The Forward Path Multi-Media Management System in general relates to any application that has at least one end user but preferably a plurality of end users wherein each end user has periodic reverse path feedback content coupled with a bandwidth intensive forward path data stream from distributed sources, such as end user devices, that can concurrently wirelessly deliver the given data stream to all respective sub-populations, each having their own multicast, and in aggregate the Forward Path Multi-Media Management System serves the entire population (thereby realizing substantial networking efficiencies). The number of applications that fit this set of networking attributes is virtually limitless. This is described in substantially more detail in the following figures and specification where the interrelationships and interconnections are examined. End users in the Forward Path Multi-Media Management System can be grouped via location or region, together with personal attributes such as demographic, socio-graphic, or psychographic interests as it relates to a given multicasted content stream. The pairing of physical location groupings with personal interest attributes enables new and novel telecommunication services with the attendant advantage of extremely efficient delivery. The wireless communication network's capacity utilization, both in terms of assets and spectrum, is very high.

For example, the Forward Path Multi-Media Management System is ideally suited to blogging and social networking. In a social networking application, personal devices such as a cell phone with cellular, WiFi, or WiMax connectivity are now capable of connecting to a social network with extremely high efficiency since the forward path link, which is generally more bandwidth intensive, is shared as a "grouped multicast". The social network can be specifically targeted as a given demographic, socio-graphic, or psychographic interest group. Social networks are often a "thin-thick pipe" in their networking requirements. That is, the reverse path data from any given end user is less bandwidth intensive, but the streamed content back to the population of end users in a given social network is generally more bandwidth intensive. Thus, social networks ideally fit the networking profile of the present Forward Path Multi- Media Management System. Social networks may be more personal in nature, i.e., a close group of friends or a ski club, or they could be international in their extent.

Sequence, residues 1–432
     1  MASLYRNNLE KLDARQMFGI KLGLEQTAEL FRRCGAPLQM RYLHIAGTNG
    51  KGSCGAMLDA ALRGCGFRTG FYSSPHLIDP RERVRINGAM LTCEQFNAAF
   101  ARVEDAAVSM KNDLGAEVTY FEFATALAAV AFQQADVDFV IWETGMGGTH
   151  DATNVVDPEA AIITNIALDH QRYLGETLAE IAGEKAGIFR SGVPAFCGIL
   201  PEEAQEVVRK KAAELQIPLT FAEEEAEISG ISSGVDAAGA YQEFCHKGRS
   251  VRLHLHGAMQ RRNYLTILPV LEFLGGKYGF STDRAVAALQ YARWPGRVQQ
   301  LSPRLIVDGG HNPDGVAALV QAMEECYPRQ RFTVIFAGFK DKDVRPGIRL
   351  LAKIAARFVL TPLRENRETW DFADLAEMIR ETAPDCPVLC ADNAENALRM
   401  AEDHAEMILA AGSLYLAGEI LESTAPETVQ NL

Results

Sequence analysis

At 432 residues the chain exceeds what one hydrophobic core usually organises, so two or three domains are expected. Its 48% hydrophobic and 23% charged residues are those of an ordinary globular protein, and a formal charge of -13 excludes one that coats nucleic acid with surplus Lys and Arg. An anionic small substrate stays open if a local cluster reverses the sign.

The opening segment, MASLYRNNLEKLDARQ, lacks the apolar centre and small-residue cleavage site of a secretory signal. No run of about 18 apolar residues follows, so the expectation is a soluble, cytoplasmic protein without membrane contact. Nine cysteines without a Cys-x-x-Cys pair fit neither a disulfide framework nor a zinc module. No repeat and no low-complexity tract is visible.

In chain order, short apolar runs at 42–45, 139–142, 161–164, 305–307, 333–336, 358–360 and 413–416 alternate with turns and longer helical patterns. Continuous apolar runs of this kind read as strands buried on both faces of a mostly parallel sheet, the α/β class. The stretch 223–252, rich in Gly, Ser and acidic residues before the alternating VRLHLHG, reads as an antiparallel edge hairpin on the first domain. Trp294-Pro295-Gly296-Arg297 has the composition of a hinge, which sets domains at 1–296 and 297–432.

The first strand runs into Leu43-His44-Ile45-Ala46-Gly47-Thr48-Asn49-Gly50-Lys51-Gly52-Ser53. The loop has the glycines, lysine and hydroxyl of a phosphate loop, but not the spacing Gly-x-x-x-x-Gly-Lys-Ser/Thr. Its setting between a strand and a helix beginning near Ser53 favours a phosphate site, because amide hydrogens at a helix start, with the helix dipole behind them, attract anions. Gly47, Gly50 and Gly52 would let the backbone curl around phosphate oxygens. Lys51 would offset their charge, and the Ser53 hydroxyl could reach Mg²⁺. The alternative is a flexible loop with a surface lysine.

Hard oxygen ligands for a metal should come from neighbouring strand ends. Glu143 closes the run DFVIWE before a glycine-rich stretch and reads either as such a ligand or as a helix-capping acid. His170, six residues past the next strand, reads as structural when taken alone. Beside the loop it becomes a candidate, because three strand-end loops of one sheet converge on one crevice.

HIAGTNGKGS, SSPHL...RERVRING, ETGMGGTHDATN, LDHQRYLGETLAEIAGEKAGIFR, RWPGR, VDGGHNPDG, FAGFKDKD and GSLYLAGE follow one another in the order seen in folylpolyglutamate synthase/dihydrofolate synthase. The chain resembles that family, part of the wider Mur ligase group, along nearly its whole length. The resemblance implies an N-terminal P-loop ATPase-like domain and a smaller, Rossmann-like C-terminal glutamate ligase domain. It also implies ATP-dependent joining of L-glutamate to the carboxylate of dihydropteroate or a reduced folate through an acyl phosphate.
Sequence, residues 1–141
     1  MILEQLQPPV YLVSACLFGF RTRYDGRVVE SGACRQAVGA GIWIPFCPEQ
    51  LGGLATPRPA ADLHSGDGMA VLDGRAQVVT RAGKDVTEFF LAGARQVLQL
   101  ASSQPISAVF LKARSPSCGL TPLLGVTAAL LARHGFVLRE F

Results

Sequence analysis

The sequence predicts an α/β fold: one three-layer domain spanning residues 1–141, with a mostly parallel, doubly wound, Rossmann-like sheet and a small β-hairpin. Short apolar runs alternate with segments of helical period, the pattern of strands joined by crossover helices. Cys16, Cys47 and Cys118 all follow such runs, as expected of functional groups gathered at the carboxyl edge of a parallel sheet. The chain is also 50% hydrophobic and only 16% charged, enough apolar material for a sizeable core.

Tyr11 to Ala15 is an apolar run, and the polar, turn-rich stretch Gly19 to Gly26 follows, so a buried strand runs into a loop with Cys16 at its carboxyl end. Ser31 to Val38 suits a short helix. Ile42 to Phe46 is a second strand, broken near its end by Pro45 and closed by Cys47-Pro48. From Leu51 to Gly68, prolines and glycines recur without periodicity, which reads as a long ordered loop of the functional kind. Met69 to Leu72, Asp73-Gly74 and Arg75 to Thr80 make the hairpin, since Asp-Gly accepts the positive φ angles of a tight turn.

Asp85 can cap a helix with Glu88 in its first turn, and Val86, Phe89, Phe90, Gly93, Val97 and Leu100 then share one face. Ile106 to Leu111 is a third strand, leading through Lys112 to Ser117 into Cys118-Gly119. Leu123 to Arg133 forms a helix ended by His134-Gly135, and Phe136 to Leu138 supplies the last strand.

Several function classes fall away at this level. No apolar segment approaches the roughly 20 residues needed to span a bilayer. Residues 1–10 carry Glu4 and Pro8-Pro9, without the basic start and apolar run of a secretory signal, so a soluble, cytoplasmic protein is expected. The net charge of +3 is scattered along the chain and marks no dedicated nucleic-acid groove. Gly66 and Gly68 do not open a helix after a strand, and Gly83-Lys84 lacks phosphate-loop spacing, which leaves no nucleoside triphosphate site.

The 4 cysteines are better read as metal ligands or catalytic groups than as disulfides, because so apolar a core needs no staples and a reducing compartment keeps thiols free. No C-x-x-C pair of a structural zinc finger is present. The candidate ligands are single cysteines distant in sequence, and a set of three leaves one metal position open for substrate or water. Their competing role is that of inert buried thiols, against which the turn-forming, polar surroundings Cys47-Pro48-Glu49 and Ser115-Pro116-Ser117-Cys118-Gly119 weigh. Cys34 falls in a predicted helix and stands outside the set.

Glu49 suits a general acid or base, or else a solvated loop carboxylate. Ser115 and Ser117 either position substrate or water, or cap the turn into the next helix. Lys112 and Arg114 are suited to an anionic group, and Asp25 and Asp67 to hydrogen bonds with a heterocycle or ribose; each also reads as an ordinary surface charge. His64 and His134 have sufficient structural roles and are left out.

Another application having similar attributes to a social network is the corporate environment. One example would be a construction site which is generally geographically contained, thereby satisfying the concurrent wireless delivery requirement for the forward path multicast. At the construction site, workers can provide data on progress for a given task which are then aggregated, and the project plan is updated and multicast back to the entire construction team. This would offer the team real-time feedback on critical areas or critical paths that may be delaying overall progress. Another application would be a big box store such as WalMart™ or other large retailer or a shopping mall. In the retailing applications, the end user who is out shopping could be the "customer" of the Forward Path Multi-Media Management System receiving live sales event data via multicast, and the "customer" could provide data back to the "population" of end users with information as to where the best shopping bargains are located, in their opinion. The employees of the various stores in the shopping mall could also have an intra-network just for their store where they are seeing in real-time how well their sales promotion is working. Any "sales oriented" multicast, where the ultimate price paid for the goods or services being offered is determined by the number of buyers acting on the multicast offer, could use this architecture. Thus, a strong buyer response could, in effect, trigger a "volume" discount, live-on-the-spot, and the more buyers who participate, the less expensive a given product becomes. Furthermore, buyers who purchased the item early in the "real-time-discount" cycle could receive a rebate or in-store credit. Mass merchandising now becomes targeted and the buyers have virtual collective bargaining power, thereby garnering substantial discounts. Both the retailer and the customer win.